WHEN I was a very young boy, and Bruce Forsyth was just claiming his first bus pass, I had an idea that in the future, the walls of your house would be covered in buttons. Each button corresponded to a different thing and by pressing it, the item would fall down a chute in the wall.
It was two parts e-commerce and three parts Argos. But it was all parts Amazon Dash Button. Or so I thought.
Now to be clear, this isn't the Amazon Dash - the voice and barcode reader that works very well. It's the little buttons.
Having been all excited by the idea of this embodiment of my idea, when the option to buy them came around for 99p each on Black Friday, I dived on it. I bought 20.
I'm a thrifty sod and the fact that each came with £4.99 credit seemed like a no-brainer. But now they're sitting on a shelf and I’m not sure what to do with them.
First of all, make no mistake, they don’t stick. Full stop. Now, if I feeling charitable, I might say that it was the wrong surface, or a bad batch. But no. 20 Dash Buttons. Wood, Ceramic, Plaster, Metal…. they all fall off the wall.
The next disaster was pairing. No matter what I did, my phone and router couldn’t see the flipping things. In the end, I had to turn off 5GHz on my router, program them (each one, mysteriously, only paired on exactly the third attempt) then turn the 5GHz back on and re-pair the devices that had been using it.
But here’s my real bug-bear with the Dash Button idea. Amazon controls what you can buy with it, and although there is a way to see what you can and can't buy, it involves scrolling down the page. I don't know about you but I would automatically assume that you could buy anything from that brand. The moral is buyer beware. Or at least, buyer scroll.
Example. Bog roll. Let’s be clear. There is no normal amount of loo roll. But let’s say, for example, you get through 9 rolls a fortnight, as that's a fairly normal quantity for them to come in these days.
So, in a small flat in South London, having to order 45 in a single hit, which is the minimum, is… well… impractical. Storing 9 rolls is a stretch.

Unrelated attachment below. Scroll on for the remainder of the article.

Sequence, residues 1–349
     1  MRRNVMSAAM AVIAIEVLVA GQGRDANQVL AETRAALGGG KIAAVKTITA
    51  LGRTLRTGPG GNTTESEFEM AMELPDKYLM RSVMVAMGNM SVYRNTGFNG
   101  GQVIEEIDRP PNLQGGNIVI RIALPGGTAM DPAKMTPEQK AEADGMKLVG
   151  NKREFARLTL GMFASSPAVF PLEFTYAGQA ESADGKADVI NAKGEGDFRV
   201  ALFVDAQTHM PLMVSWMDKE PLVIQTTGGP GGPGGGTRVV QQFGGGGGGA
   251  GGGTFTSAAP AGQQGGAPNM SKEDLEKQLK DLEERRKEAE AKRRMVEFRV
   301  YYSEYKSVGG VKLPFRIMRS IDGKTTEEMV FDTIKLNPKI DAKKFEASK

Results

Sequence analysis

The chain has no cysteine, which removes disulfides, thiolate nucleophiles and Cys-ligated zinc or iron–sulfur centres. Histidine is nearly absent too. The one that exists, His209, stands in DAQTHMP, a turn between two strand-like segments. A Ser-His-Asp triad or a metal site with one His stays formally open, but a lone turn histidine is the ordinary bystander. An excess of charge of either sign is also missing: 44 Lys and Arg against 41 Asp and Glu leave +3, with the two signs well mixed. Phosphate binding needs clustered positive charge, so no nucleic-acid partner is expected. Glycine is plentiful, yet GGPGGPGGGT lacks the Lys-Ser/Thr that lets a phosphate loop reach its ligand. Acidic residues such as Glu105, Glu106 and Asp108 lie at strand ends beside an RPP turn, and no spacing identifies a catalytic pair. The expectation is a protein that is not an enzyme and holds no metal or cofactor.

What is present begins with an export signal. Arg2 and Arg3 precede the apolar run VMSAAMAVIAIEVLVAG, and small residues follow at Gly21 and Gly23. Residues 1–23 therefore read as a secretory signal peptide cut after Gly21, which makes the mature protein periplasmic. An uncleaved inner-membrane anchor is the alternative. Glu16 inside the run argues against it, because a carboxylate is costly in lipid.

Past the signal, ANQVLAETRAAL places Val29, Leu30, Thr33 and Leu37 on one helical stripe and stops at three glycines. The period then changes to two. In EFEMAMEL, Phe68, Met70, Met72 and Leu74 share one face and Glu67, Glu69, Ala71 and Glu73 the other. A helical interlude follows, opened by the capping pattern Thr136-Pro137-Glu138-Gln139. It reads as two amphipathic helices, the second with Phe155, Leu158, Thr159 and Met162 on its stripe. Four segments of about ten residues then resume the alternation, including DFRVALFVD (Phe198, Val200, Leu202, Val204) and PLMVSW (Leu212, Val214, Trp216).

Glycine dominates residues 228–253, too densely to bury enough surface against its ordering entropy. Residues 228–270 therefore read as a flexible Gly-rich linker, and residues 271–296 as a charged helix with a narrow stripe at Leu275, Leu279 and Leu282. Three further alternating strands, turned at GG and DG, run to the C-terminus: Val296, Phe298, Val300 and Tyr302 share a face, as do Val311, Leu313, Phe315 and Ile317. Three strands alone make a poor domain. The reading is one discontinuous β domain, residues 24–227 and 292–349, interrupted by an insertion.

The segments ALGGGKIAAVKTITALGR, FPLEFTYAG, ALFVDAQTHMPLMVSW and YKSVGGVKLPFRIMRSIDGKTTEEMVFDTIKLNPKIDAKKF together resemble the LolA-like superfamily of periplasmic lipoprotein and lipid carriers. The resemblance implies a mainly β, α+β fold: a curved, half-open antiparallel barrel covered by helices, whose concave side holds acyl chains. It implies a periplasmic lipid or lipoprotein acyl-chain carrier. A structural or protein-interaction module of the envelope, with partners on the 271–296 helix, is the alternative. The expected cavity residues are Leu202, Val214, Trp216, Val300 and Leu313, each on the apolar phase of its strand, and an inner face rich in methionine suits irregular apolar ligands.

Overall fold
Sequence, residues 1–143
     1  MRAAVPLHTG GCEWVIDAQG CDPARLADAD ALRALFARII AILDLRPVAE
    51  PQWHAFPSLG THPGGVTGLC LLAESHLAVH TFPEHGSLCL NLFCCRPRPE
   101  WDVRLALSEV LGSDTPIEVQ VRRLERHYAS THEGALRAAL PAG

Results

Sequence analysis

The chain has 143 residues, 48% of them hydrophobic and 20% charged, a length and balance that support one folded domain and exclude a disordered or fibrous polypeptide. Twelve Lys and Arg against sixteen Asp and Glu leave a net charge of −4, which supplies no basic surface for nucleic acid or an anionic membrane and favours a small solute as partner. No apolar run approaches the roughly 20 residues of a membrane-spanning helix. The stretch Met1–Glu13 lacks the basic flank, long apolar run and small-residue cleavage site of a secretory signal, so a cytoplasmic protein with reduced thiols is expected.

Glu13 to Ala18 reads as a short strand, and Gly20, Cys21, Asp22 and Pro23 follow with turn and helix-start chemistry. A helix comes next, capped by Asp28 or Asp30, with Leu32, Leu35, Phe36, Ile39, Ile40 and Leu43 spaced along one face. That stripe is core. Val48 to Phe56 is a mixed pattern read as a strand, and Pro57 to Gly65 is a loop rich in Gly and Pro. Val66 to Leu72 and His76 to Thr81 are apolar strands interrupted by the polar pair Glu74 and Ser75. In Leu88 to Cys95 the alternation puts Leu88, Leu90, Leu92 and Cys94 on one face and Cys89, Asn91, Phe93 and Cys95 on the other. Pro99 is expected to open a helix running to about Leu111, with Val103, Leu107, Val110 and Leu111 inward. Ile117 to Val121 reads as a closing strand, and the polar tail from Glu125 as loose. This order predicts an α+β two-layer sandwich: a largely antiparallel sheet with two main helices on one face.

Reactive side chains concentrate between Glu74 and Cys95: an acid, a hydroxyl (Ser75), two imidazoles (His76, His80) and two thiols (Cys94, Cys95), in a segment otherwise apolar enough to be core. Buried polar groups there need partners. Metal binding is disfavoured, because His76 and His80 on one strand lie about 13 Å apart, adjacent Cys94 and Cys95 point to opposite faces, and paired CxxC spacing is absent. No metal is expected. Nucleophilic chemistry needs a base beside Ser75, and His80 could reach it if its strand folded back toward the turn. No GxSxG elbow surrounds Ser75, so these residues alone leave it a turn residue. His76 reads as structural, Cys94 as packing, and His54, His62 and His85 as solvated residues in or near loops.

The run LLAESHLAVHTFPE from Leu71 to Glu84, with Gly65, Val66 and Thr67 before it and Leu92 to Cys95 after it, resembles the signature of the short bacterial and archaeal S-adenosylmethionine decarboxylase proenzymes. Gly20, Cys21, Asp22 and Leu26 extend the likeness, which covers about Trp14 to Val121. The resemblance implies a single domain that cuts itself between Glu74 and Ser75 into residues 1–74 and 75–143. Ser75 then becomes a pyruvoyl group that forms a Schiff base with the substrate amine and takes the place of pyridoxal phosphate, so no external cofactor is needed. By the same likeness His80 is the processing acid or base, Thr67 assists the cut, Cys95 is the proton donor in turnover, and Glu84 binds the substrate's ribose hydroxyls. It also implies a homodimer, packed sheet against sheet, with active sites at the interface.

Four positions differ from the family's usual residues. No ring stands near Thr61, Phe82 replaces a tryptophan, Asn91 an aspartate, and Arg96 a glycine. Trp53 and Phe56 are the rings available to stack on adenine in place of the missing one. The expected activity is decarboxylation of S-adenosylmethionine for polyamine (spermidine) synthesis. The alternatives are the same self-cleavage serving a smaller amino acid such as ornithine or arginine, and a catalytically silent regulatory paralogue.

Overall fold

I missed the restriction box and so instantly, the button is useless, unless of course I form a Credit Union of Andrex Users or to put another way, a Syndishit.
The situation repeats over and over again - kitchen roll, dishwasher tablets, bin bags, PLAY DOH(?!!) all in such obscene quantities that you would actually drown in stuff if you ordered them.
But say you do order them. Say you order 45 toilet rolls. We’ve already established that’s 10 weeks of Candy Crush time. That means you’re pressing the button…. 5 times a year. So why have a button? There's an option for 90 - that’s potentially twice a year allowing for holidays and constipation.
Essentially, all it provides is a billboard on your loo. And your kitchen, and your bathroom and your dressing table and hell, yes even by your bed - the last thing you see at night is an advert for Durex! Forget rubbing one out - that’s just rubbing it in.
But the final irony of these sodding things is the fact there are no second chances. They’re not about putting something on your shopping list, or in your basket - that’s it - click - one-day delivery - bosh - order placed.
Now you may recall that the buttons fall off the wall.
So in the process of setting up the Dash buttons, I've actually already ordered 45 loo rolls, 144 dishwasher tablets and enough baby lotion to arouse suspicion. All of it can be cancelled, of course, but it's just one more way that my utopian childhood dream has turned sour. At least I didn’t spend the £100 at full price for them.
Since this article was originally published, Amazon has asked us to point out that you're not actually charged for the product until its dispatched, and you can send it back as an accidental order. Amazon has also agreed to recall my Dash buttons to find out why they don't stick - thanks Amazon.
To be clear - you can see what your Amazon Dash Buttons would buy in advance - but beware - I was a numpty and got caught out.
Meanwhile, I am selling loo rolls at knockdown rates at a car boot sale near you soon. µ
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